What makes a good transfer?

When the East Herts CAMHS team started CAPA in 2005 they found that at every team away day for the first 18 months they wanted to talk about the Choice – Partnership Transfer! It often seems one of the most contentious issues and although, from one point of view, completely common sense, from another it’s one of the most radical things about CAPA. For a while, to review this process, the team used audit forms for the receiving Partnership clinician to review how well the transfer went. Below is a summary of what the team felt helped the transfer process, based on their experiences.

Informed Choice

The first and most important factor was that the family have made an informed choice about what they were coming for. This meant clarifying goals as clearly as possible, some idea about the type of intervention they will be engaged in and that they had had some discussion about possible alternatives.

Initial Joint formulation

The important precursor to an informed choice is a clear and joint initial formulation made with the family. As stated before in the Choice components, this requires the use of our honest opinion and getting their honest opinion as to whether our ideas make any sense at all.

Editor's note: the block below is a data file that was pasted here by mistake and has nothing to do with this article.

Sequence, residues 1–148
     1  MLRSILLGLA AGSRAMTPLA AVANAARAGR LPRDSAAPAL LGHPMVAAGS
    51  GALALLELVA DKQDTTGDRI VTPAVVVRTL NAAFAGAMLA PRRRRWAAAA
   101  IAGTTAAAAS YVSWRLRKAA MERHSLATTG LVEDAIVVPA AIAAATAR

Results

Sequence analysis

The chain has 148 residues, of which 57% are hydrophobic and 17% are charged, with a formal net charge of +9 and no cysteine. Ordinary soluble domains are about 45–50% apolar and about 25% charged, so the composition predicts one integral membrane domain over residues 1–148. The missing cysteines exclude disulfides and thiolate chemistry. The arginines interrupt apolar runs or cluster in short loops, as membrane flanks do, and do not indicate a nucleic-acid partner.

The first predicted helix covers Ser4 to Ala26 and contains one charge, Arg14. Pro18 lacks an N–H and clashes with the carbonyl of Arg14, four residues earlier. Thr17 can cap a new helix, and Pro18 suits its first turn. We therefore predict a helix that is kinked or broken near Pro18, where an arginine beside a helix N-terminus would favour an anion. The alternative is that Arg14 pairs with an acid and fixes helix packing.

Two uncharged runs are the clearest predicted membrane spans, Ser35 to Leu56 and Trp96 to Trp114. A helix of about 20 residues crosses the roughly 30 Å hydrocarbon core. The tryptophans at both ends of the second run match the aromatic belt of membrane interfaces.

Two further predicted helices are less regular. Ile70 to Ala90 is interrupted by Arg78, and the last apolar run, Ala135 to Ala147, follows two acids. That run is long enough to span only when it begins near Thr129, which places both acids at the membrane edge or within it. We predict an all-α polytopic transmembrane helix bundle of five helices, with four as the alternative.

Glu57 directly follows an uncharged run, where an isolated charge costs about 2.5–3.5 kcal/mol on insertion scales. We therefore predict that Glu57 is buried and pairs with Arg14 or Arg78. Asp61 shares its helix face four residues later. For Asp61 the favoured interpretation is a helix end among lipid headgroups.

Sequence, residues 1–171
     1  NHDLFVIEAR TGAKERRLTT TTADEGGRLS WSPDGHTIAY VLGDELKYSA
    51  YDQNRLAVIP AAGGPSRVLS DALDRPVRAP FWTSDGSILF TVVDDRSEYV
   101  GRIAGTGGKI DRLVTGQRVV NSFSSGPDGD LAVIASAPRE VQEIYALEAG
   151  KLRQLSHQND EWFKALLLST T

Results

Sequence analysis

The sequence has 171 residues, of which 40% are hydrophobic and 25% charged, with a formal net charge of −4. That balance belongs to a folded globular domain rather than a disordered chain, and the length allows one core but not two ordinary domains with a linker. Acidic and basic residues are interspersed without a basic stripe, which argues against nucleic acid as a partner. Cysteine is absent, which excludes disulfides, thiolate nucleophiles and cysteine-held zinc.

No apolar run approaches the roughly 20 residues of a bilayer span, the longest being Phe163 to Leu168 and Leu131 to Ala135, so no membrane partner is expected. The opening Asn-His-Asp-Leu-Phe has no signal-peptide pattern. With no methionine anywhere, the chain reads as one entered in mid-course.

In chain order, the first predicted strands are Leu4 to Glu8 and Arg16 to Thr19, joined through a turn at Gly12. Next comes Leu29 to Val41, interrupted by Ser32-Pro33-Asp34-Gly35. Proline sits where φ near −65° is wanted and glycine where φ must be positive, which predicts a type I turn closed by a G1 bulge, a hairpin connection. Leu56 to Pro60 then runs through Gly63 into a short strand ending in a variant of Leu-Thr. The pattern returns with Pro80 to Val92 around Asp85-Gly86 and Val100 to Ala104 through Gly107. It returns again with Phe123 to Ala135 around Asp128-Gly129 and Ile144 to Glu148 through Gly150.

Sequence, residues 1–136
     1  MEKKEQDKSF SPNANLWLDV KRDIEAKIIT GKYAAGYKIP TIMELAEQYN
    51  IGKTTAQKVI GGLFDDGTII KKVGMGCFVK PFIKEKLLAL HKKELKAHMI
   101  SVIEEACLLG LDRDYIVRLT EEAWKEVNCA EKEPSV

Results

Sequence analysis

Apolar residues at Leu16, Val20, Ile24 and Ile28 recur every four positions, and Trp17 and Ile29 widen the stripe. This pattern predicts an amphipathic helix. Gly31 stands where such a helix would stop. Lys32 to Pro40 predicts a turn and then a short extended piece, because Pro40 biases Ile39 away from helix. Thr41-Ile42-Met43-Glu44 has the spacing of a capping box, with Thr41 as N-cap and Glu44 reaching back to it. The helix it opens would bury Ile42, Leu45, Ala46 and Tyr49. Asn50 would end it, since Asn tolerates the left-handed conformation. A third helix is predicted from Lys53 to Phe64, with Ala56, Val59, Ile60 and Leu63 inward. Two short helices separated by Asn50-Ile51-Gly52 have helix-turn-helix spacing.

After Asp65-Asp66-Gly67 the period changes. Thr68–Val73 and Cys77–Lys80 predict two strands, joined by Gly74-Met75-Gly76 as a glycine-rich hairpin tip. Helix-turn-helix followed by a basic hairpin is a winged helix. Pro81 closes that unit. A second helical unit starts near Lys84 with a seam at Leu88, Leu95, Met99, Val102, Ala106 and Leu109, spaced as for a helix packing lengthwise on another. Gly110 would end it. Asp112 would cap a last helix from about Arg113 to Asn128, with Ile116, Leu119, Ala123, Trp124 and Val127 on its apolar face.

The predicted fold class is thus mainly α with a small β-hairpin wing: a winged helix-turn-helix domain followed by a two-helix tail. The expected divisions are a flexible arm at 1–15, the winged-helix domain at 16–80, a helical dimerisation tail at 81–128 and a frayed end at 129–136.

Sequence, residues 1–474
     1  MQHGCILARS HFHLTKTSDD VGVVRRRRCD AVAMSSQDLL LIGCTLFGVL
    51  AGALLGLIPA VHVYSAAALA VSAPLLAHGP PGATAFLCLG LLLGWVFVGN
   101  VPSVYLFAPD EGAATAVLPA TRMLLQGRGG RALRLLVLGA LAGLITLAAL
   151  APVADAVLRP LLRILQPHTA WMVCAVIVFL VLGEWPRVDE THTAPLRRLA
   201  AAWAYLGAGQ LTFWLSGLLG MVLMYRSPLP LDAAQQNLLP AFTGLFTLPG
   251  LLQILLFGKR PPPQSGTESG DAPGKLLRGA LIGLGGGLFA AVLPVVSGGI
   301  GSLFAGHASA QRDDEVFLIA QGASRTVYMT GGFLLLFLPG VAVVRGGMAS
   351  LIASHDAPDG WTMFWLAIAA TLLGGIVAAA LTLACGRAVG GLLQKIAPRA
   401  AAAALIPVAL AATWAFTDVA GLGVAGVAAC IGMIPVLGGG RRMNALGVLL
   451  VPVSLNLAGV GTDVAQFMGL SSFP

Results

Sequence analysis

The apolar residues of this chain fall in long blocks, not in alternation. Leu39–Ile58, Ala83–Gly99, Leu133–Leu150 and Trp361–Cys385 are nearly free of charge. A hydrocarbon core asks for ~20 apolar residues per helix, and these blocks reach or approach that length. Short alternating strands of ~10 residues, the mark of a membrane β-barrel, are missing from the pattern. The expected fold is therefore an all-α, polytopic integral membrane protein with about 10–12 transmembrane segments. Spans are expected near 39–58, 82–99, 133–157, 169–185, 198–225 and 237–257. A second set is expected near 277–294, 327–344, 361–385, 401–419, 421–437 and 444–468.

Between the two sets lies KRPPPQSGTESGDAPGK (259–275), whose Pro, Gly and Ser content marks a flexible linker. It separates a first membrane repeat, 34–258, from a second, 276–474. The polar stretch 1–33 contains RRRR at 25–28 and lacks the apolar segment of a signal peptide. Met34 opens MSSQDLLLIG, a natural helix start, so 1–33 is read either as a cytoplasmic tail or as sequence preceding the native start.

CAUTION: an enthusiastic clinician may inadvertently promote their favourite therapy for a particular problem, by saying that it would be ‘really helpful’. This is especially true if they are not very familiar with other approaches, or have never de- livered them. Clients are polite and may conceal their lack of enthusiasm for such an intervention. There is rarely one way of approaching things and it can end up being your choice not theirs.


It obviously helps if the receiving Partnership clinician has right skills! This means the team must have mapped skills and know each other well.

It helps to map frequently and when new team members start.


Finally, it is important to recognise the family’s own resources and agency. This means discussing with them what they think might help before they return to Partnership – ‘homework’ or Pre-Partnership work. When they return they have done some work together and will have moved on – which is why the Partnership clinician feels like they have to join a moving bus and not just reassess all over again. Think Single Session Therapy!